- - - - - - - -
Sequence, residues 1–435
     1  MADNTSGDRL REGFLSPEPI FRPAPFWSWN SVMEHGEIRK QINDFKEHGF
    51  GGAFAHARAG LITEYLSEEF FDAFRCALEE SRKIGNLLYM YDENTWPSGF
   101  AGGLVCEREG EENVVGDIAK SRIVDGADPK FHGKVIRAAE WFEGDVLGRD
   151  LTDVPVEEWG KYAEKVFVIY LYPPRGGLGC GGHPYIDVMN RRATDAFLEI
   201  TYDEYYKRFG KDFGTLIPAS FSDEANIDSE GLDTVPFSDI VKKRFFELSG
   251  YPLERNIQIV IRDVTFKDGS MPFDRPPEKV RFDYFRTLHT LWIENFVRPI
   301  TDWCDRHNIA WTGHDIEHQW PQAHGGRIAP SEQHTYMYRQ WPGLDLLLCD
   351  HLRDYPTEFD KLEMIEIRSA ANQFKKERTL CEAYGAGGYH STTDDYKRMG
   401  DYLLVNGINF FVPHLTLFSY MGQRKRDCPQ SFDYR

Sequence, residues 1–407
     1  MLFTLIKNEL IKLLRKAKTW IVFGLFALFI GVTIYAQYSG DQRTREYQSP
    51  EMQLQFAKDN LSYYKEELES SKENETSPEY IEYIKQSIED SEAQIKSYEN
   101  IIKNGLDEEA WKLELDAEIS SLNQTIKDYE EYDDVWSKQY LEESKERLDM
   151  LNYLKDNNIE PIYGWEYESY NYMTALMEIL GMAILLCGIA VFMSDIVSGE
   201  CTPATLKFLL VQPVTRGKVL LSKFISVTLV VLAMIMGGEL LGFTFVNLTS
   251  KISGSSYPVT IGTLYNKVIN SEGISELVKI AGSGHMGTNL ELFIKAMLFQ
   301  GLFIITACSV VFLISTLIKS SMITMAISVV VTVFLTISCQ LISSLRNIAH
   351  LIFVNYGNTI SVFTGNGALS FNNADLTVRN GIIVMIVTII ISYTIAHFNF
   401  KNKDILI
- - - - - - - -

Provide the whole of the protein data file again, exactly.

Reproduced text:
Sequence, residues 1–435
     1  MADNTSGDRL REGFLSPEPI FRPAPFWSWN SVMEHGEIRK QINDFKEHGF
    51  GGAFAHARAG LITEYLSEEF FDAFRCALEE SRKIGNLLYM YDENTWPSGF
   101  AGGLVCEREG EENVVGDIAK SRIVDGADPK FHGKVIRAAE WFEGDVLGRD
   151  LTDVPVEEWG KYAEKVFVIY LYPPRGGLGC GGHPYIDVMN RRATDAFLEI
   201  TYDEYYKRFG KDFGTLIPAS FSDEANIDSE GLDTVPFSDI VKKRFFELSG
   251  YPLERNIQIV IRDVTFKDGS MPFDRPPEKV RFDYFRTLHT LWIENFVRPI
   301  TDWCDRHNIA WTGHDIEHQW PQAHGGRIAP SEQHTYMYRQ WPGLDLLLCD
   351  HLRDYPTEFD KLEMIEIRSA ANQFKKERTL CEAYGAGGYH STTDDYKRMG
   401  DYLLVNGINF FVPHLTLFSY MGQRKRDCPQ SFDYR

Sequence, residues 1–407
     1  MLFTLIKNEL IKLLRKAKTW IVFGLFALFI GVTIYAQYSG DQRTREYQSP
    51  EMQLQFAKDN LSYYKEELES SKENETSPEY IEYIKQSIED SEAQIKSYEN
   101  IIKNGLDEEA WKLELDAEIS SLNQTIKDYE EYDDVWSKQY LEESKERLDM
   151  LNYLKDNNIE PIYGWEYESY NYMTALMEIL GMAILLCGIA VFMSDIVSGE
   201  CTPATLKFLL VQPVTRGKVL LSKFISVTLV VLAMIMGGEL LGFTFVNLTS
   251  KISGSSYPVT IGTLYNKVIN SEGISELVKI AGSGHMGTNL ELFIKAMLFQ
   301  GLFIITACSV VFLISTLIKS SMITMAISVV VTVFLTISCQ LISSLRNIAH
   351  LIFVNYGNTI SVFTGNGALS FNNADLTVRN GIIVMIVTII ISYTIAHFNF
   401  KNKDILI